Washington and Beijing have agreed to cancel tariff hikes as their trade negotiations progress, a Chinese Commerce Ministry spokesman has said.
Gao Feng said envoys had “agreed to a phased cancellation of tariff increases depending on the progress of negotiations”.
He told reporters that if both sides reach a first phase agreement, then based on that deal they will cancel already imposed tariffs proportionately.
Presidents Donald Trump and Xi Jinping agreed last month to resume trade talks aimed at resolving a more than year-long dispute over technology and industrial policy. As part of that truce, they halted further tariff hikes.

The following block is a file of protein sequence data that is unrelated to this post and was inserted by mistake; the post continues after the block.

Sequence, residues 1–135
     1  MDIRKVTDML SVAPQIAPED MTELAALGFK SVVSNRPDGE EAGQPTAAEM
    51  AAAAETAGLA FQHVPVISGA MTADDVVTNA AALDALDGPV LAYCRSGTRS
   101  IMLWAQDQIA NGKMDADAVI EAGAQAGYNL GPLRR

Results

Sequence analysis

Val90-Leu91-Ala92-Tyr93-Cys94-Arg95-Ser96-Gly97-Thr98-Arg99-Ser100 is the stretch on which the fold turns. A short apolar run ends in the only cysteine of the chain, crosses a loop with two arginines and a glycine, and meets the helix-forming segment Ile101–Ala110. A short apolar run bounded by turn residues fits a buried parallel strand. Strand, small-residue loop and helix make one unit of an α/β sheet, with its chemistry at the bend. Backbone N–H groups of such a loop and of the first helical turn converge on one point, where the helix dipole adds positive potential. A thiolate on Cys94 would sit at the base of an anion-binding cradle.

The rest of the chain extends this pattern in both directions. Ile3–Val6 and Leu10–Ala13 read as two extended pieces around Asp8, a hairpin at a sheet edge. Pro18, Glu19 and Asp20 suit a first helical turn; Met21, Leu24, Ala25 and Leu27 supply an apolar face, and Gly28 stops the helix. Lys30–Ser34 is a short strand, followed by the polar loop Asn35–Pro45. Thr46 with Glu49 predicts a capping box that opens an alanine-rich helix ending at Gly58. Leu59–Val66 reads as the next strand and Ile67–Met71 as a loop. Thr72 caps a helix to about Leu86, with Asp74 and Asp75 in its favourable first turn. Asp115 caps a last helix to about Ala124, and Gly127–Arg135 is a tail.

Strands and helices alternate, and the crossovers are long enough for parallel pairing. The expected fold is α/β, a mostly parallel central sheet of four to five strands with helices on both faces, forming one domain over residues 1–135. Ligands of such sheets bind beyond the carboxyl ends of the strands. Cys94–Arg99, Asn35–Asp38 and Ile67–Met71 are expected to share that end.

But both sides have imposed billions of dollars of punitive tariffs on each other’s exports and reports have said Beijing is seeking to have those rolled back as part of any agreement.
US commerce secretary Wilbur Ross said earlier this week that any first phase agreement would be general and cover trade in specific areas such as soybeans and liquefied natural gas.
More complicated issues would be tackled in later rounds of negotiations, he said.
Mr Ross did not directly say if rolling back tariffs was a possibility in the first phase talks.